lobster_plated.jpg

I wish I had some parsley to throw on it, it would have looked even better. The taste though...this was one of the most flavorful things I've ever cooked, and certainly by finest sous vide experiment so far.

#73 mtigges

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Posted 05 January 2010 - 12:42 PM

Lobster is on my shortlist of things to try, so thanks for this post. My question is, why does everyone stick to just the tails. Is there a particular reason why the claws aren't used as well? What did you do with them since you didn't use them. I suppose you could use them in a salad, and include the meat in the legs via AB's extraction method. But is there a reason the claws aren't mentioned in the same breath as SV?

#74 therippa

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Posted 05 January 2010 - 12:47 PM

I did use the claws, they're sitting on top of that bread. I squeezed the leg meat out and the next morning we had it with scrambled eggs (cooked in the reserved lobster butter of course!)

Forgot to mention I added a tablespoon of tomato paste and a little over a cup of mire poix to the stock. Adapted the recipe from here

Edited by therippa, 05 January 2010 - 12:59 PM.


#75 ojisan

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Posted 05 January 2010 - 01:03 PM

So, those of you with sous vide cookers in this price range ... what are you using for a vacuum sealer?
Has anyone come out with one at the right price / performance point?
Betty Crocker E-Z Suck Cryovac?

I'd like to know too.

Monterey Bay area


#76 therippa

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Posted 05 January 2010 - 01:07 PM

I just use the ziplock vacuum bags, I find if I use it on a smooth surface (glass table) and push down really hard, I get a great seal. I haven't had any problems with air bubbles or anything.

#77 jk1002

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Posted 05 January 2010 - 01:17 PM

>>I would love to see the person that can accurately discern the difference between a duck breast cooked at 60 and one cooked at 60.5. <<

When you look how far the temperature ranges for medium and medium well done steaks are defined, it sure should not matter.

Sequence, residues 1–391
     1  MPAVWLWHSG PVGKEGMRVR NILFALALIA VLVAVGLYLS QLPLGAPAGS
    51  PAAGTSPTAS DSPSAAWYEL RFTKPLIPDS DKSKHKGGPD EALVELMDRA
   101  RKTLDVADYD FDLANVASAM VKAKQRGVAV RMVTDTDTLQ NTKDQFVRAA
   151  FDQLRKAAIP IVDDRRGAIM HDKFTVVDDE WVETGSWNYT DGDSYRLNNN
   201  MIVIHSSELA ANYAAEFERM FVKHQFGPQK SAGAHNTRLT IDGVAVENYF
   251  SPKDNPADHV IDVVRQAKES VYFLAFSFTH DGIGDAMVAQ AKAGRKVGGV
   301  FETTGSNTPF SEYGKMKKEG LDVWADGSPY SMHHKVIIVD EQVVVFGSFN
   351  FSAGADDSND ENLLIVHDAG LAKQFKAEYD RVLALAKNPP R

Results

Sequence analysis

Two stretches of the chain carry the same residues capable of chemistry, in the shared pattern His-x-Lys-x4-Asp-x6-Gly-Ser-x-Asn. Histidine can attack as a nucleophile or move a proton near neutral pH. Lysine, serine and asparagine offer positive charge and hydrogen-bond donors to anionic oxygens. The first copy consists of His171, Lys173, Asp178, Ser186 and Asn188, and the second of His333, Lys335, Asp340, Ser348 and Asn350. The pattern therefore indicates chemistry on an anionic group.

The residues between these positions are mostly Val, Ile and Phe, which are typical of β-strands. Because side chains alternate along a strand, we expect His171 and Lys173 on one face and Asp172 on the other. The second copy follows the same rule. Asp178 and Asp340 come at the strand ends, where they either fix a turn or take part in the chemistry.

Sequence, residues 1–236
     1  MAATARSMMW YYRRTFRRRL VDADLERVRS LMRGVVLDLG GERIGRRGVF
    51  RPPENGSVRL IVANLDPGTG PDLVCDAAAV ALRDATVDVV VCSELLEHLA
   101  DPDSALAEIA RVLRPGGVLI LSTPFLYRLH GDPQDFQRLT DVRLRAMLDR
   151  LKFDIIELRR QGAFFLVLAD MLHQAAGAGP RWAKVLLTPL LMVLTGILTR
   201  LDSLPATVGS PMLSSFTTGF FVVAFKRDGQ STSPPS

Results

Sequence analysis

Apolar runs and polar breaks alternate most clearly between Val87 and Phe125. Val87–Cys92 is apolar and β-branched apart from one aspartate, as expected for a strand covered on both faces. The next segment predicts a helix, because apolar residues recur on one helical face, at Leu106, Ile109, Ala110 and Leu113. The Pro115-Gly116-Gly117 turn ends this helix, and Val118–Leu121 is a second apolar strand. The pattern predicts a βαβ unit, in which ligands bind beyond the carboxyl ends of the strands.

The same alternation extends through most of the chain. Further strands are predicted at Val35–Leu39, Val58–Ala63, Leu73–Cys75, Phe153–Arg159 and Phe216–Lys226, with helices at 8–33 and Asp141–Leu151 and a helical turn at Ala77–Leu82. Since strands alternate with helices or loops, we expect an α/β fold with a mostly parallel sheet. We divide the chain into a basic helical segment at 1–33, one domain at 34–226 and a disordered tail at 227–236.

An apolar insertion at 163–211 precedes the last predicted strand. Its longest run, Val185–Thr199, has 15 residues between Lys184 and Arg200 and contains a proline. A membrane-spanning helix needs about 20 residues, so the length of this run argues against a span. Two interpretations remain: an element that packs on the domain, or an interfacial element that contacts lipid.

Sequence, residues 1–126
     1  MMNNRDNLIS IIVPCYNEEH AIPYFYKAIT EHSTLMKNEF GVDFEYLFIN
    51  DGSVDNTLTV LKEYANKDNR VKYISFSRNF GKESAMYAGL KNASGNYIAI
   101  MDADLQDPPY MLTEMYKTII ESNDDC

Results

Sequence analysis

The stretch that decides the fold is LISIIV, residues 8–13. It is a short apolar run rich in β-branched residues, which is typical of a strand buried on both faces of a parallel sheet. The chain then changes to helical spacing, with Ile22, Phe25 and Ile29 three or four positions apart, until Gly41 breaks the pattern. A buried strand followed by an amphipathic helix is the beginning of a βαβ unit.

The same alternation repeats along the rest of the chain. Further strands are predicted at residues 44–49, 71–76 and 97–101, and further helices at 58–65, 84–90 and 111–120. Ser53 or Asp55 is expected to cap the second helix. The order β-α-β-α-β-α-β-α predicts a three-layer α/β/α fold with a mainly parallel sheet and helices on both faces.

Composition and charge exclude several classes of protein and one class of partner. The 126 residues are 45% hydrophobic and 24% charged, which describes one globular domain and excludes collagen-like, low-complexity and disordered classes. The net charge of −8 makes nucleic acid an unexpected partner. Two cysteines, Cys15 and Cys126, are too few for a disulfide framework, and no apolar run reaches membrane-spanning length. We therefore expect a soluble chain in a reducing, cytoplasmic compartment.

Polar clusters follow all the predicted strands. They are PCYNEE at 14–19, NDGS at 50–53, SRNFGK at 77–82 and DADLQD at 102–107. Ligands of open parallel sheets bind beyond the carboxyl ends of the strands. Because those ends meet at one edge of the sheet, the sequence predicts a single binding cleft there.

I think the reason lies around the pasteurization. See example below from the baldwin tables.

mm 57.5°F 60.5°C 63.5°F 66°C
20 2:04 55 34 26

The only thing I found so far was the Egg where the tiny difference seems to matter.

Edited by jk1002, 05 January 2010 - 01:36 PM.


#78 jk1002

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Posted 05 January 2010 - 01:35 PM

>>I just use the ziplock vacuum bags, I find if I use it on a smooth surface (glass table) and push down really hard, I get a great seal. I haven't had any problems with air bubbles or anything. <<

I use those as well. No problems at all. Peapod has both sizes for 2$ a box - I am guessing as the reynolds system it doesn't sell to well.

#79 therippa

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Posted 05 January 2010 - 02:11 PM

The reynolds system was discontinued

#80 NickDawson

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Posted 05 January 2010 - 07:04 PM

Hey folks,
Im thrilled for my first post here to be in this thread! I've been lurking for years. This is where I come to track food trends. It's my first stop when I need a ratio for some kind of alginate caviar. In short, I have really enjoyed following many of you for quite some time.

In a snap decision, I picked up my SVS a few days before New Years Eve. We decided to throw a last minute dinner party and it seemed like the perfect time to play with something new (because what could go wrong, right?). So far, we have been very happy campers. Some things - buffalo tenderloin, truffle infused potatoes, veal cheeks - came out as a testament to the technique. We have had less success with the duck breasts and chicken thighs but suspect that had more to do with me than the technique. Tonight tucked into some 72 hour short ribs which were amazing. I can see why they are often seen as poster child of sous vide cooking.

Here are some of the results



I have a tone of questions that I will try and space out over time :D The first that comes to mind is the right temp for a perfect poached egg, say for a salad frise et lardons - set white, warm liquid yoke? What about a perfect hard boiled egg? I usually do mine in a pan and get inconsistent results. Anyone have thoughts on either?

Looking forward to picking the collective brain around here!

#81 therippa

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Posted 06 January 2010 - 08:29 AM

Check out this guide here...

http://amath.colorad.../sous-vide.html

148 degrees is supposed to give you the perfect egg

#82 nickrey

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Posted 06 January 2010 - 01:16 PM